Comments On The Peer-Review Journal Publication Process And Recommedations For Improvement

In the February 2010 issue of the Bulletin of the American Meteorological Society, there is an informative well-written article by

Schultz, David M., 2010: Rejection Rates for Journals Publishing in the Atmospheric Sciences. Bulletin of the American Meteorological Society. 231–243.

The inappropriate experience with the publication process that Ross McKitrick has informed us about – see [and which I have also experienced] makes reading this article by David Schultz very informative.

Among his findings is the unique role of the magazines Nature and Science in terms of their rejection rate. Nature’s rejection rate is listed as 91%. While this is inevitable given the limited number of paper that they can publish, but it also means they are a narrow gatekeeper with an enormous opportunity to control what is considered (by them) to be of importance in science.

Schultz writes

“Nature and Science take this approach [of editorial control] to the extreme. With over 10,000 manuscript submissions a year, Nature, with a 2008 rejection rate of 91.95% (up from 91.45% in 2006, and increasing every year as the number of submissions increases……admits to having “to decline many papers of very high quality but of insufficient interest to their specific readership…..Similarly, Science says that, “priority is given to papers that reveal novel concepts of broad interest…. returning a large unstated fraction of submitted manuscripts to authors without peer review. Clearly, receiving such a large number of submissions from a large number of disciplines vying for a small number of printed pages requires heavy editorial pruning.”

In Table 1 of the paper title “Possible factors affecting the rejection rates at atmospheric science journals” the role of the Editor as a gatekeeper is summarized with his text

“…the editors—the people who decide to reject or accept based on reviewer recommendations—clearly affect the rejection rate. Specifically, a simple physical model (Schultz 2009a) can explain the editor rejection rate as a function of the probability of reviewers recommending rejection, the number of reviewers, and the editor’s decisionmaking strategy  (i.e., reject when at least one reviewer recommends rejection, reject when a majority of reviewers recommend rejection, reject when all reviewers recommend rejection).”

This indicates that the ability of the Editor of a peer-reviewed journal to be a gatekeeper is broader than just Nature and Science (as Ross’s has documented).  As Schultz writes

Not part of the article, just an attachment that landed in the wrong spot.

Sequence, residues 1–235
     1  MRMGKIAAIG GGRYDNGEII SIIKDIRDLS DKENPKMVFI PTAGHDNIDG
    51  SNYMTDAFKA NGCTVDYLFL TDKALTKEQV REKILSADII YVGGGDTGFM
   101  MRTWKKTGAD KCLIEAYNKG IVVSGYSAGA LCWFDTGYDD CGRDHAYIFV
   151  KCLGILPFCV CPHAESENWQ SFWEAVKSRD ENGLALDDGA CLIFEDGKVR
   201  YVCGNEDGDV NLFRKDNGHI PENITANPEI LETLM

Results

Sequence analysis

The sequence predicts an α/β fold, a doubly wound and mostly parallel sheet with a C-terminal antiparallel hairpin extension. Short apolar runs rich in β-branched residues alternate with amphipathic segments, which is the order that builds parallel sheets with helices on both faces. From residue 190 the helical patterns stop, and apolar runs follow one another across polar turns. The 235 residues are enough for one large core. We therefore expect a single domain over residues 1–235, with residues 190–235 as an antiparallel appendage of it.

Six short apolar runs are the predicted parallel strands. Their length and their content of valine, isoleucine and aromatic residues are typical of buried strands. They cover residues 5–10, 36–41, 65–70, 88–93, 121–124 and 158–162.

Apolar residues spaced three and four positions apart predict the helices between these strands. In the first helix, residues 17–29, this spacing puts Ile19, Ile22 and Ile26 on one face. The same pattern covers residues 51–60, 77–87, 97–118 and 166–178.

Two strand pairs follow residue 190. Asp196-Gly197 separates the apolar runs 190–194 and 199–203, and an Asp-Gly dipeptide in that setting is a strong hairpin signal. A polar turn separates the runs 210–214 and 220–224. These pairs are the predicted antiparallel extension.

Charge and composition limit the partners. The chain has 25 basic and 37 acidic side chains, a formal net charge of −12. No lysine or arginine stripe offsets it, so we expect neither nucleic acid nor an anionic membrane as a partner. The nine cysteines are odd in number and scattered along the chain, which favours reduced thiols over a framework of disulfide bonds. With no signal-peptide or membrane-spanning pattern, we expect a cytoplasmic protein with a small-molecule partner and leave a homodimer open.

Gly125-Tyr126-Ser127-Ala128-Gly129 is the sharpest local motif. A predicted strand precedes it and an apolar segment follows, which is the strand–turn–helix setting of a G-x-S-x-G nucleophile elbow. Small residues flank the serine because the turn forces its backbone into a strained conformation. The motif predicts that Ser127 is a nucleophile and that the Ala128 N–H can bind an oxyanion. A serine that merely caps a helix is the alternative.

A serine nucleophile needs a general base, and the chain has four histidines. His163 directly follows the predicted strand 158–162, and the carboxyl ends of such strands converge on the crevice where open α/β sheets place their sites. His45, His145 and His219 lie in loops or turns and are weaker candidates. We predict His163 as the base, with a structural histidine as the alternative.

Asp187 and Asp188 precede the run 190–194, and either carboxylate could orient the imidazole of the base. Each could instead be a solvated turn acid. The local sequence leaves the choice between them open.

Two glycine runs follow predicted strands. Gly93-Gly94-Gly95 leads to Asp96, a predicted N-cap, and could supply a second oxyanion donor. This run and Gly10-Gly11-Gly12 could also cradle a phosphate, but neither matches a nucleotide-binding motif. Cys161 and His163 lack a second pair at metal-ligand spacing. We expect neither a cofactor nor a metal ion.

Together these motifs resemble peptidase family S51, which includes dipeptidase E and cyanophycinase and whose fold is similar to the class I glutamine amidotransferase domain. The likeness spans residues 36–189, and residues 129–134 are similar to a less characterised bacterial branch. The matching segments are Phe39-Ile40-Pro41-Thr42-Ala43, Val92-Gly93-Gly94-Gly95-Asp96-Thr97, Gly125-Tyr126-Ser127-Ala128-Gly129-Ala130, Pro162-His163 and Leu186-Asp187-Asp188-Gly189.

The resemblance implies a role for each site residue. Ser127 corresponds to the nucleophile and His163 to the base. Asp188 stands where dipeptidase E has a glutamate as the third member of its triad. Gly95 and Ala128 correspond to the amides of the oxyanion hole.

”….the policy of some journals is to reject manuscripts that require more than minor revisions to keep time to publication short and the quality high (e.g., Famiglietti 2007).”

Based on my experience as an Editor [e.g. as Chief Editor of the Monthly Weather Review and Co-Chief Editor of the Journal of Atmospheric Science], if an editor adopts the policy of rejection when just one reviewer recommends rejection, but the other reviewer(s) do not, he has inappropriately suppressed a paper that could be an important scientific contribution.  Such a policy is ripe for abuse as we have seen documented in the experience of Ross McKitrick.

There is also another issue. There is also a reward system for publication in certain journals such as Nature and Science. At Colorado State University, for example, in their ecology program, Nature and Science publications were weighted much more heavily than other professional journals when a candidate was being considered for promotion and tenure.  The journal Physics Today has an article in its March 2010 issue by

Day, Charles , 2010: Physics in China. March  pages 33-38

where it is reported that

“Some universities in China, not necessarily the best ones, reward the authors of papers published in Nature, Science, and other high-impact journals with bonuses comparable to one’s annual salary.”

It is clear from these examples, the Schultz 2010 paper, and from the experiences of Ross McKitrick, as well as my personal experiences which I will continue to document, that there is a serious problem with the peer review. process.

To remedy this serious concern, I have the following recommendations:

  • papers which receive just one recommendation for rejection should not be a sufficient reason for the Editor to prevent its publication.  If an editor is considering reject for just one review, the other reviewers should be consulted first to ascertain if the reason for the rejection is robust. If not, the paper should be published.
  • for all papers (accepted and rejected), all of the reviews (anonymous unless the reviewer indicates otherwise) and the Editor’s decision should be made available online and publically available.

Only with this openness, can we restore confidence in the peer review process.

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